They won’t admit it, but they feel it. To a writer, that’s a job well done.


Yours truly,

The big rock

Overwhelmed by my to-do list this week, I wasn’t at all productive for the last two days. Nor was my sleep. 

I called my friend and mentor and spilled out my concerns.

“I feel like everything is so important that I can’t drop any ball I’m juggling right now.”

“Tell me what you have on your plate.”

“A new short film project. My weekly podcast. The dissertation outline that I’m collaborating with a Chinese screenwriting professor. The beat sheet of the animation project. And notes preparation for the three-hour lecture next Tuesday.”

“Here is a big jar and laying in front of you are the big rocks, the small pebbles and a pile of sand. How do you fill them all in without neglecting any?” 

He knew that I got the answer but kept going for my own benefit, “The big rock is your most important, most urgent task. Right now it is the short film that you need to turn in by end of tomorrow. How about you focus on that for the rest of the day and get it done, so you can have time to finish editing your podcast tomorrow?”

I couldn’t help thinking, “Why does it sound so much less messy when it comes out of my friend’s mouth?”

“You just can’t do everything at the same time.” 

True. ”But what if I am too tired too frazzled that I just watch YouTube?” I tried to hide behind the what-if, which is actually the reality I’m wrestling whenever the pressure gets the better of me.

“Well, then you just have some grow up to do. There are things you don’t like, but you are obligated to do it. Pace yourself and complete the task before those all-nighters compromise your health yet again.”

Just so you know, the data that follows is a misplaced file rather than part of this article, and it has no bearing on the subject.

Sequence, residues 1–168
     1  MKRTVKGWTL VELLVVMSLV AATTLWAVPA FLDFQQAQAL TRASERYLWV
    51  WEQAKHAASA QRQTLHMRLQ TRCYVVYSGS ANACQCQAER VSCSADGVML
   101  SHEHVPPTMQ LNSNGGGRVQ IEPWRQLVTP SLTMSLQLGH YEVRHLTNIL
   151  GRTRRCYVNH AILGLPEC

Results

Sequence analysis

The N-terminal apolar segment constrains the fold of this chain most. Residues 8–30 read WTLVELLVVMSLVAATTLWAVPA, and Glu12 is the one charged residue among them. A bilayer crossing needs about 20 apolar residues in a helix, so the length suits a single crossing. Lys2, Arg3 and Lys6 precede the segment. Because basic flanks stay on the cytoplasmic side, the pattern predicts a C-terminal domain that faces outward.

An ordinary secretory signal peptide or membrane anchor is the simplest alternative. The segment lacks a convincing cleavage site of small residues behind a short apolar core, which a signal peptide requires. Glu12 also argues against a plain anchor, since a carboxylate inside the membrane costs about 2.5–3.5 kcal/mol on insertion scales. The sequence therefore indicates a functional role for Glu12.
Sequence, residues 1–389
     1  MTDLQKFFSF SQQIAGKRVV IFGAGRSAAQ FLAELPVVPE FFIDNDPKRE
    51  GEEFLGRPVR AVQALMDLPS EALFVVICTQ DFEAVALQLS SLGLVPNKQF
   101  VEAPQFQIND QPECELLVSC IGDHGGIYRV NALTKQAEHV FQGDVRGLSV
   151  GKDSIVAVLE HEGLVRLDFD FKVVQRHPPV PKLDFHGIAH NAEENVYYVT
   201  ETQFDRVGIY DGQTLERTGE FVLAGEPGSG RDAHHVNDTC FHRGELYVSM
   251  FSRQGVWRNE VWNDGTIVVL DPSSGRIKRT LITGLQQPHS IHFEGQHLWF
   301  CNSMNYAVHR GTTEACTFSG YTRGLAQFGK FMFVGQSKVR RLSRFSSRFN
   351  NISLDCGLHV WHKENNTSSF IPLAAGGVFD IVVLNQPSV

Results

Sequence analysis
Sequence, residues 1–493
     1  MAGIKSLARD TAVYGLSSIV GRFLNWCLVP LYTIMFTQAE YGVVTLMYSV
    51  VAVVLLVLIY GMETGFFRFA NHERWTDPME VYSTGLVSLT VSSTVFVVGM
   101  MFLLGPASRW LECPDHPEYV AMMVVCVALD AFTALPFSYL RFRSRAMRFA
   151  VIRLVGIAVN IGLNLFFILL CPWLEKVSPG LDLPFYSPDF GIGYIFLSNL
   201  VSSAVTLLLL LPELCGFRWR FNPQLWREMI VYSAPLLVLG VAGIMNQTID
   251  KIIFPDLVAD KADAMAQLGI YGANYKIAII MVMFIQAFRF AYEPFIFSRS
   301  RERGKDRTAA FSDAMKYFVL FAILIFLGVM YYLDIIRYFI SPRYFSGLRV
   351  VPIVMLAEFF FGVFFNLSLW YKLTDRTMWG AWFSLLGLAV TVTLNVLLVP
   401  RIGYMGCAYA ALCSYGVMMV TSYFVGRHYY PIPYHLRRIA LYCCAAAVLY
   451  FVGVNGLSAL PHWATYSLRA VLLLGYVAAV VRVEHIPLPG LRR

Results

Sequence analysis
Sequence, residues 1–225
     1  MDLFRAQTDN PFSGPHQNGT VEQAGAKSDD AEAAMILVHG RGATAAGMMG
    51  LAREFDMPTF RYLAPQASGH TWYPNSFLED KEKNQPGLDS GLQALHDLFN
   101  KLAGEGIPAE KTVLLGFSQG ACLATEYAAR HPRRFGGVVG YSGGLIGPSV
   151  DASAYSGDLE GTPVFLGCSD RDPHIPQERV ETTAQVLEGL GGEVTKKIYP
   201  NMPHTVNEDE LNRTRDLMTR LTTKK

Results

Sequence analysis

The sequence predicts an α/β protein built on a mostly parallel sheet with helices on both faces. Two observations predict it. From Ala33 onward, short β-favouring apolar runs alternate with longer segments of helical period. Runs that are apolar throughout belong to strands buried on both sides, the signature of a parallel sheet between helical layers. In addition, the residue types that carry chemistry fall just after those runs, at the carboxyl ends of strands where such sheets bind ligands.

After the pneumonia-bad cold double whammy, I should know better. 

Several hours after our conversation, I now have a rough first draft of the short film. But I need to take a couple of more revisions first thing tomorrow morning before sending it back to the director. 

But hey, at the end of the day, I did tackle the big rock before romancing the other stones.


Yours truly,

Get it done

I turned in my first major feature project a couple of hours ago.

In the midst of all kinds of interruptions from pneumonia, bad cold, friend’s visit, to other side projects, I got it done.

That “You can’t do it” voice in my head, so loud at times, finally quiets down a little.

I’m grateful for the people I’m working with. They were patient, and understanding.

That’s empowering.

And there is an obvious lesson re-learned:

How to get things done?

Drip by drip. Word by word.

I will catch some sleep. Because I have a new project to take on tomorrow, from scratch.


Yours truly,

Those commercial stuff

I just watched The Spy Who Dumped Me. I chose NOT to see it when it premiered. I remembered passing by the billboard when a friend drove us somewhere for dinner.

“The Spy Who Dumped Me.”


“A new movie. Looks stupid.”

And that was the end of the conversation. When I smell something too commercial to my taste, I shoot it down, fast. I frown upon cheap spy movies, car chase movies, action movies. Because it’s almost always all adrenaline, no brain, no real emotion or substance. When I was still in film school,  I detested and resisted from writing commerical stuff. I even drew a hard line between artists and those sellouts.

I even take my coffee pure black, no milk, no sweetener or other weird stuff. I like to taste it real, with no disguise. And yet, a friend reacted, “Com’on, life is hard enough. Let’s make it sweeter.”

Interesting. Then I keep on drinking my esspresso, black.